Category Archives: Journalism & Media

This Time, The Kid “Living His (Parent’s) Dream” Is Dead. Still Inspired?

teen-pilot-crash

Pointing out the breach of ethics when parents endanger children by allowing, encouraging, pushing, or forcing them to risk their lives before they are old enough to comprehend what risking their life means has been a periodic theme on Ethics Alarms. There was 16-year old Abby Sunderland, who had to be rescued from an attempt to become the youngest person to sail around the world solo. Paul Romero sent his son Jordan, 13, out to be the youngest to climb Mount Everest. In April of this year, the Coast Guard had to rescue the sick one-year-old of Eric and Charlotte Kaufman, who brought the baby and their three-year old along as they tried to circumnavigate the globe in their yacht. (Never mind, they all had life jackets.). Less likely to be fatal but epic in its length was the ordeal “the Biking Vogels” put their twin sons through, as they were forced to live on bicycles for years while their parents lived out their low-tech “Easy Rider” fantasies, peddling across America.

As was bound to happen, another set of parents in this unethical club  have met with tragedy of their own engineering. Haris Suleman and his father, Babar Suleman, from Plainfield, Indiana, were attempting to fly around the world with the newly licensed  teen piloting their single-engine aircraft. The journey, to be completed in 30 days, would have set a record. Gotta set those records!  The Biking Vogels were determined to set a record too.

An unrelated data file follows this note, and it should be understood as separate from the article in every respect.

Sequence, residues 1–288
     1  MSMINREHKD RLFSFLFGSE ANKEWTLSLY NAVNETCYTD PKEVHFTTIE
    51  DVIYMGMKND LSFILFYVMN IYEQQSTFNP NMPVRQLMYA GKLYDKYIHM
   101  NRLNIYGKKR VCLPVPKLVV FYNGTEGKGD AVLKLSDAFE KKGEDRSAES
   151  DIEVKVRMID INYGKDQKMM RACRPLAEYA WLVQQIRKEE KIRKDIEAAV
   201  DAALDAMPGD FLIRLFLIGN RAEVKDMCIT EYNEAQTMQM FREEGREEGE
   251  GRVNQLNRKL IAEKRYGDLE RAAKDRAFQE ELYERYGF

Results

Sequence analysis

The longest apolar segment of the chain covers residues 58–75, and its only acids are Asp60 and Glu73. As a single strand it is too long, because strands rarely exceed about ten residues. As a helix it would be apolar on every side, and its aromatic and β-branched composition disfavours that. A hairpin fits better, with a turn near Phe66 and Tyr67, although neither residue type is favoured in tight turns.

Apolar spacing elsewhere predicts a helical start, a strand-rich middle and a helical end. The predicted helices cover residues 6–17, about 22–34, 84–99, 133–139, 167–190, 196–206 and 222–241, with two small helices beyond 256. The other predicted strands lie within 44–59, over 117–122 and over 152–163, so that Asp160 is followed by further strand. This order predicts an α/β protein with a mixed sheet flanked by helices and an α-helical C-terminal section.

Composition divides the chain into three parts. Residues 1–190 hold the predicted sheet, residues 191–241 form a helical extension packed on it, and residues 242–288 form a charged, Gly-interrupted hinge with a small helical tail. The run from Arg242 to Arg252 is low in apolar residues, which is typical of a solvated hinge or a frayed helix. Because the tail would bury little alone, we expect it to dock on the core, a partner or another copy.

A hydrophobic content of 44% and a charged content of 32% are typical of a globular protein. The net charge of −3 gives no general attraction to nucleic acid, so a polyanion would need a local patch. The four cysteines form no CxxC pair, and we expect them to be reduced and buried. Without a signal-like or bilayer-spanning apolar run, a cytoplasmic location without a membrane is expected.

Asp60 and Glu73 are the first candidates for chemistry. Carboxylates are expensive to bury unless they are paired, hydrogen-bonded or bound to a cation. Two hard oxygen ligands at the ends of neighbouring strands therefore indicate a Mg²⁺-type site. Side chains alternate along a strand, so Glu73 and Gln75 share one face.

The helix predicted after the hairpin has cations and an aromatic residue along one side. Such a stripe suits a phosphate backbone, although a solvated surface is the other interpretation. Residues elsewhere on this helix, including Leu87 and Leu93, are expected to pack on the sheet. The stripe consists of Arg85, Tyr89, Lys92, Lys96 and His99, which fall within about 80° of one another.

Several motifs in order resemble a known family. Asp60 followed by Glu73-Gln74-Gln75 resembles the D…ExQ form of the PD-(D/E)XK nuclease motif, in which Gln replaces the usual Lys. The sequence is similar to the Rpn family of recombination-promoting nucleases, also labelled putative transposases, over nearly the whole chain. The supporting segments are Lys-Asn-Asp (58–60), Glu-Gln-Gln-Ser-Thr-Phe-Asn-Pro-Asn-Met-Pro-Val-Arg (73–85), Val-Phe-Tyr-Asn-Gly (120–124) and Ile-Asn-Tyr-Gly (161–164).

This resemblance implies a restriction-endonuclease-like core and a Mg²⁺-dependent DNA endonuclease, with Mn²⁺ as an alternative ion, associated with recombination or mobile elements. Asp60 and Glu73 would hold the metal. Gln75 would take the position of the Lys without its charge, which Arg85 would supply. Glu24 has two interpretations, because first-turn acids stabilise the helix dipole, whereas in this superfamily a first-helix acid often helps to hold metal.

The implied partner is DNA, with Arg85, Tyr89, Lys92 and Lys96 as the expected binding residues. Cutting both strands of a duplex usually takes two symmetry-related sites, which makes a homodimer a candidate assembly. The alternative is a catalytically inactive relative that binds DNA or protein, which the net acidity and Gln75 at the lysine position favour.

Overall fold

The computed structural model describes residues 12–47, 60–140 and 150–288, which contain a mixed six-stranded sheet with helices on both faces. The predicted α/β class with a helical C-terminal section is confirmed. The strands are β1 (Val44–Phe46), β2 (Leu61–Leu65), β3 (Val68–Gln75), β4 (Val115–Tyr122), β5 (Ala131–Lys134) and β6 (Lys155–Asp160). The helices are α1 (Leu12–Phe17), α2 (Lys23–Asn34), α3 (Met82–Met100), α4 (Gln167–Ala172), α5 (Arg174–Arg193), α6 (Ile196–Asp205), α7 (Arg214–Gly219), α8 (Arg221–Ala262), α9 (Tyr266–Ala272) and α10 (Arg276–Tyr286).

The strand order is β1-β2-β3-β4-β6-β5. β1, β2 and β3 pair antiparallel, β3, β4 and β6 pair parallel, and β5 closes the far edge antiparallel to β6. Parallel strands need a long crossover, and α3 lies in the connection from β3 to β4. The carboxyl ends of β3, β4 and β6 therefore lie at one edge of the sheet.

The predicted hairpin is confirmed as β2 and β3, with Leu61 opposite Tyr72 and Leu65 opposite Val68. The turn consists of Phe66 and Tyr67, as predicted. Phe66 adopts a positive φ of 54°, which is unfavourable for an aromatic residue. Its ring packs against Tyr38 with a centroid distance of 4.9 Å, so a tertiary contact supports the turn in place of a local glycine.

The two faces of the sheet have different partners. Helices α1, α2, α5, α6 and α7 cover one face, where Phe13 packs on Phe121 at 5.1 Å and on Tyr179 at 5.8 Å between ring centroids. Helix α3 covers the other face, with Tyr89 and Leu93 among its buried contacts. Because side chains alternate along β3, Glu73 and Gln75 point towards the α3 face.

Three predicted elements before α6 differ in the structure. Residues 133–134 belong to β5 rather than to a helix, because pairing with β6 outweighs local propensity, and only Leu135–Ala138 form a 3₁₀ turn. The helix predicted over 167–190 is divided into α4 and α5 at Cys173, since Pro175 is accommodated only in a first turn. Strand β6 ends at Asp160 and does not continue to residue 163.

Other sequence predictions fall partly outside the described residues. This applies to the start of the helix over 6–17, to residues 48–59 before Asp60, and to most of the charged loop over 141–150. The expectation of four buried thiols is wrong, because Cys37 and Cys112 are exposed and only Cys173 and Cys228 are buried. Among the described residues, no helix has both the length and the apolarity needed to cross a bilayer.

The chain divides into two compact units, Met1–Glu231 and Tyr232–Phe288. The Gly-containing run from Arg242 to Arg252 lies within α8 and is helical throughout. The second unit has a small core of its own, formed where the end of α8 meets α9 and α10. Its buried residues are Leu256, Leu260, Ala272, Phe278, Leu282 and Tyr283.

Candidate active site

As the plane piloted by a 17-year-old novice pilot took off from an airport in Pago Pago in American Samoa, it suddenly lost power and crashed into the water. The boy is dead; the father’s body has yet to be found. Continue reading

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Filed under Around the World, Childhood and children, Family, Journalism & Media

The Progressive Clown vs. The Apoplectic Conservative Radio Host On Gaza: Jon Stewart, Funny But Irresponsible…Mark Levin, Uncivil But Right

Jon Stewart’s “Daily Show” riff on the Gaza conflict was praised to the skies by anti-Israel pundits, like MSNBC’s Cenk Uyger and the Daily Beast’s Dean Obeidallah as providing some kind of much needed moral clarity. In truth it was exactly the opposite, with the Obeidallah column unintentionally showing exactly what’s wrong with Jon Stewart.

Knowing that a disturbing number of Millennials (and an even more disturbing number of ignorant, impressionable older viewers who should know better) see the comedian as a truth-teller, Stewart makes no allowances in his comic routines for that fact. He intentionally encourages the idea that he is a legitimate pundit, then retreats to the convenient bunker of “Come on! I’m a comedian! Don’t take me so seriously!” when he is called out for lazy, misleading and biased—but funny! commentary. (Stewart criticizes Democrats with approximately the frequency of a lunar eclipse, which would be just fine for a comedian who didn’t pose as an objective critic of American politics.) Continue reading

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Filed under Around the World, Arts & Entertainment, Etiquette and manners, Government & Politics, History, Humor and Satire, Journalism & Media, War and the Military

Flunking Responsibility, Honesty, Common Sense and Ethics: Gov. Deval Patrick, Sen. Patrick Leahy, Daily Kos, and Anyone Else Who Repeats This Idiotic Analogy

Deval Patrick

I thought I might run an ethics quiz asking whether this current and mind-bogglingly stupid argument that keeps popping up from my sentiment-addled Facebook friends is more unethical than the pro-Hamas hashtags being appended to twitter comments by the “Think of the children!” saps led by celebrities like Jon Stewart, Selena Gomez, and John Cusack. Pondering on it, however, I realized that as ethically misguided as Stewart at al. are, the above quote and its ilk are worse….especially since state governors and U.S. Senators have more credibility than comedians and Disney pop tarts. Not that they should, mind you.